While the lower frequency tone is more effective at waking individuals, the produced audibility is not as high as traditional notification devices. If you have higher audibility requirements or larger spaces to cover, you may find that one device will not be enough for the same area as a traditional notification device.

To learn more about the low frequency design and installation considerations visit our archived System Sensor webinar.

Be sure to check back on the Fire-Lite Blog for the next part of this series!

 

About the Author
Rebecca Peterson is a Sr. Product Marketing Manager for the AV business unit of System Sensor. Rebecca has been with System Sensor for 13 years and her primary focus on new product development and voice of the customer on products that customers need and want.

 

Why is Low Frequency So Important? (Part 1 of 4)

We’ve been trained to evacuate a building when the alarm, horns, and strobes sound during a fire event. Ideally you would respond ahearing-restoreds soon as you hear the audible device, but what happens if you’re sleeping and unable to react right away? What if you’re hard-of-hearing?

Recent studies conducted by the NFPA 72 committee and the FPRF found that many high-risk groups exhibited a delayed response when audible devices went into alarm. Some high-risk groups also had a delayed response to the usual 3 Kilo-hertz tone found in many smoke alarms and audible devices. In some cases, high-risk groups, such as individuals with mild to severe hearing loss or those under the influence of sleeping aids or alcohol, had a delayed response with the higher frequency tones.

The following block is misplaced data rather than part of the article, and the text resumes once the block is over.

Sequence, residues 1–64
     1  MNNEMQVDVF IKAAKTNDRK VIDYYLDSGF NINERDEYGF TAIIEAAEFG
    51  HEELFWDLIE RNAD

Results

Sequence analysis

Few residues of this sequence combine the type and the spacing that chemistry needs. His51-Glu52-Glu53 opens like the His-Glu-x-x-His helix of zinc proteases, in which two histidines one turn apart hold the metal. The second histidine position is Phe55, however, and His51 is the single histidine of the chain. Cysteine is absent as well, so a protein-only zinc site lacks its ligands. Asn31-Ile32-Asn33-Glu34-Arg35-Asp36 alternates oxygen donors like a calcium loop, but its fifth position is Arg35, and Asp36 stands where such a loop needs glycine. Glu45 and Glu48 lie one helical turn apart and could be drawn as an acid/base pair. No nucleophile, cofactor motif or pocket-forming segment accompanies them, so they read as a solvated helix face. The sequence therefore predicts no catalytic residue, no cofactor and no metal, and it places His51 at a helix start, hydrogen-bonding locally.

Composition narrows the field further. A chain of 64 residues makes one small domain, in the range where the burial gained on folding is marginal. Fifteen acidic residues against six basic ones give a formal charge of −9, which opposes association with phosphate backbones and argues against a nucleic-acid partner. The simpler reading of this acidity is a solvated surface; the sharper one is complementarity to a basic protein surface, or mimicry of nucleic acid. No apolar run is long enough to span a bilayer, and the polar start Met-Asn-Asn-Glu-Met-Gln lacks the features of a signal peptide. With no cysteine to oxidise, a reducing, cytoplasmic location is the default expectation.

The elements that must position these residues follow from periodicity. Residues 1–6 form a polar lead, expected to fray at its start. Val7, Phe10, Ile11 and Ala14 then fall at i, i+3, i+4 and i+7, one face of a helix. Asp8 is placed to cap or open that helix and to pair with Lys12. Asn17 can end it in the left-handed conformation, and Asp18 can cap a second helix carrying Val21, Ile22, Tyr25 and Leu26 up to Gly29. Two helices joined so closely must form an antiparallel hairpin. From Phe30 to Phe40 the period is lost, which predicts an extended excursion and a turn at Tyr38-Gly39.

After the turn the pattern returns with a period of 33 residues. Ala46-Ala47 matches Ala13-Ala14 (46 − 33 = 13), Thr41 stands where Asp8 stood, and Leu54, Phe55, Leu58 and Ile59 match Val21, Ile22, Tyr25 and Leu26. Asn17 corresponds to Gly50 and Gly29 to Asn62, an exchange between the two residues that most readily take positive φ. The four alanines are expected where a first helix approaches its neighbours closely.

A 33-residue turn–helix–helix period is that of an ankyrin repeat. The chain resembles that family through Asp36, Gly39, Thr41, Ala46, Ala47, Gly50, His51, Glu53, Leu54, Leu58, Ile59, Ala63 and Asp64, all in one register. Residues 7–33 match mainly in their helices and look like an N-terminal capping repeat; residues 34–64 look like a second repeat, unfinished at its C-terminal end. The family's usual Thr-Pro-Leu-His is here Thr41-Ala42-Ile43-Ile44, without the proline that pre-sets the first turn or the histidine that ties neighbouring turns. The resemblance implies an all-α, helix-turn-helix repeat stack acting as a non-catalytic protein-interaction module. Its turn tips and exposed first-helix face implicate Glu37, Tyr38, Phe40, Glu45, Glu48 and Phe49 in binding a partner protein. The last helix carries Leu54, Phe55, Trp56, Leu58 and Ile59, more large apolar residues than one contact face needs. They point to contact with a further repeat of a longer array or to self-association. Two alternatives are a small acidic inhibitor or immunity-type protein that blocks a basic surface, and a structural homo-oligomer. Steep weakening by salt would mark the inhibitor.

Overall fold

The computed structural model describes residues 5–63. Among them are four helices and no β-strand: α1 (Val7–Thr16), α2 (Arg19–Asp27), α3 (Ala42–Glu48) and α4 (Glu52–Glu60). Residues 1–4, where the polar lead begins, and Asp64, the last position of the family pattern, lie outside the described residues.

Research shows that audible devices with a lower frequency, 520 Hz, were more effective at waking impaired individuals. These impaired individuals are the aforementioned people with mild to severe hearing loss or those under the influence of sleeping aids or alcohol. Increasing the notification effectiveness in this application increases the chances of prompt evacuation during an emergency.

To learn more about the benefit of the low frequency sounders and hear the tone, visit the System Sensor Low Frequency webpage.

Be sure to check back on the Fire-Lite Blog for the next part of this series!

 

About the Author
Rebecca Peterson is a Sr. Product Marketing Manager for the AV business unit of System Sensor. Rebecca has been with System Sensor for 13 years and her primary focus on new product development and voice of the customer on products that customers need and want.